The Digital Media Project



Philip Merrill


TRU #76 to restrict adaptation





Philip Merrill

Affiliation/additional information:

Active Contributor, Pasadena, California

Date submitted:







Name of TRU

TRU to restrict adaptation


Summary description of TRU

this is traditionally referred to as the right of adaptation and vests control in the creator over other's use of their work to create derivative works based on the original; in the event unauthorised adaptations are made, their copyright exists "without prejudice to the copyright in the original work"


Use records of TRU

One typical instance of adaptation is a book author granting movie rights. The mass-merchandising and cross-merchandising of movies now regularly involves a variety of book titles targeted to different readership demographics. At a certain point, the movie creators stop exercising a lot of control over all these and just let others make adapted works according to some sort of brand & content licensing agreement. Adaptations and other derivative works can be an important source of funds, even the primary source of profits. In the late 20th century, there was a period when a rock band's T-shirt sales on concert tour were one of the band's major revenue streams.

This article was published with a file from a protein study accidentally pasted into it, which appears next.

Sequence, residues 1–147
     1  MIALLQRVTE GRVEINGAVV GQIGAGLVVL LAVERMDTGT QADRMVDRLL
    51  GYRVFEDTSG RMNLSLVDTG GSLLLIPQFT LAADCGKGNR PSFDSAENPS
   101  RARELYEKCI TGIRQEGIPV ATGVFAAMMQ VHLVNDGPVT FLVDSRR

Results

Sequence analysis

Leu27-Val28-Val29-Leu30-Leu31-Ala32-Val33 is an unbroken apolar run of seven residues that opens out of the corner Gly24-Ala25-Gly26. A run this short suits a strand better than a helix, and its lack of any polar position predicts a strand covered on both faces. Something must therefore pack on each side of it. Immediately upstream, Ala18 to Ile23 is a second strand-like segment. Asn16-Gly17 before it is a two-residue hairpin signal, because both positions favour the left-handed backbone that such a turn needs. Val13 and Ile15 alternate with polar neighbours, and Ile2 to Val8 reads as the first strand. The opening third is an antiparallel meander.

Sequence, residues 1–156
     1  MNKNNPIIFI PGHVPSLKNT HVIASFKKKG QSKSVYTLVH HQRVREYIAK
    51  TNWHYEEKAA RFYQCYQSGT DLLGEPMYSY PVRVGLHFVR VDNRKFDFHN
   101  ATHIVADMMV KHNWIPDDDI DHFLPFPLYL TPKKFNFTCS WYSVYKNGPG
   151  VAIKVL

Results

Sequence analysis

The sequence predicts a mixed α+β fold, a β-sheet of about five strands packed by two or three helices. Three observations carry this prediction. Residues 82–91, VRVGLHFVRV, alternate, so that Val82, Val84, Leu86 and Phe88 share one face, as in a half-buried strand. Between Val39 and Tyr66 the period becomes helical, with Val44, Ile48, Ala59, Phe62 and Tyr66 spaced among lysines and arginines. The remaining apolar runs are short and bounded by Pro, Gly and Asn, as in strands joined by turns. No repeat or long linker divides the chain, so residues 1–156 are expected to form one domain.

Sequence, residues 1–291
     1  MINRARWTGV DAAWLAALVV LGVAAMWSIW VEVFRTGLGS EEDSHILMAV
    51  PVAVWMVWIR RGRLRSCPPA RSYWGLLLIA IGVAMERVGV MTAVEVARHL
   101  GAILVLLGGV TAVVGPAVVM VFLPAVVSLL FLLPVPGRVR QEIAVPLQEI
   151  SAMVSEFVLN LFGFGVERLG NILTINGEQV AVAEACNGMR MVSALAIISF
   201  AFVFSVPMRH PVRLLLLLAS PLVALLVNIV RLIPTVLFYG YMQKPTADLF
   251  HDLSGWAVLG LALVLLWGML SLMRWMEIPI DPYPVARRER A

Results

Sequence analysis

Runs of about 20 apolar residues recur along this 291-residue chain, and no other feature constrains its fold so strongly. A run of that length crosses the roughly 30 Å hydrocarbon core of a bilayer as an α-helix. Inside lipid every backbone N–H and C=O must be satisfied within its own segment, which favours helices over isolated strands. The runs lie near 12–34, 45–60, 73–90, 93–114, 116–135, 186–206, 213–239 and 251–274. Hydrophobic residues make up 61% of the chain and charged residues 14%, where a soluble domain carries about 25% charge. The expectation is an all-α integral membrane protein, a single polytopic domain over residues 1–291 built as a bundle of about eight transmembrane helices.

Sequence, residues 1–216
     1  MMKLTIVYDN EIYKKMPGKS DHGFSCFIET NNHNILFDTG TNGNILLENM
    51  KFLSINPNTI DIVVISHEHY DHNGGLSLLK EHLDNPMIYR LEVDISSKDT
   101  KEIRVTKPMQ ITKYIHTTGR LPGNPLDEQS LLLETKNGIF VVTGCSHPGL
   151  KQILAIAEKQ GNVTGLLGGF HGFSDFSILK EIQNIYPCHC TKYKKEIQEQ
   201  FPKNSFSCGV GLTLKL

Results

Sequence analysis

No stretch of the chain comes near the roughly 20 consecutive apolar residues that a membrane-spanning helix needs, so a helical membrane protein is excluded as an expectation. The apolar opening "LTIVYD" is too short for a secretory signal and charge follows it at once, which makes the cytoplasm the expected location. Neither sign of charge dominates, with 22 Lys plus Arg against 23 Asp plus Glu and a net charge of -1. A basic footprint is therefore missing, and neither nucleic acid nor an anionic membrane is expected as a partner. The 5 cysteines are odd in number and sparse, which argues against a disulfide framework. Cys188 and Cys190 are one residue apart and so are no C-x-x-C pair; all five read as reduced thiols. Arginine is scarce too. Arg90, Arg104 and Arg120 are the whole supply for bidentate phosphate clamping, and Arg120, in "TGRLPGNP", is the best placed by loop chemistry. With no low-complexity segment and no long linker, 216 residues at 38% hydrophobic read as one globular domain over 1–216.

Nature of TRU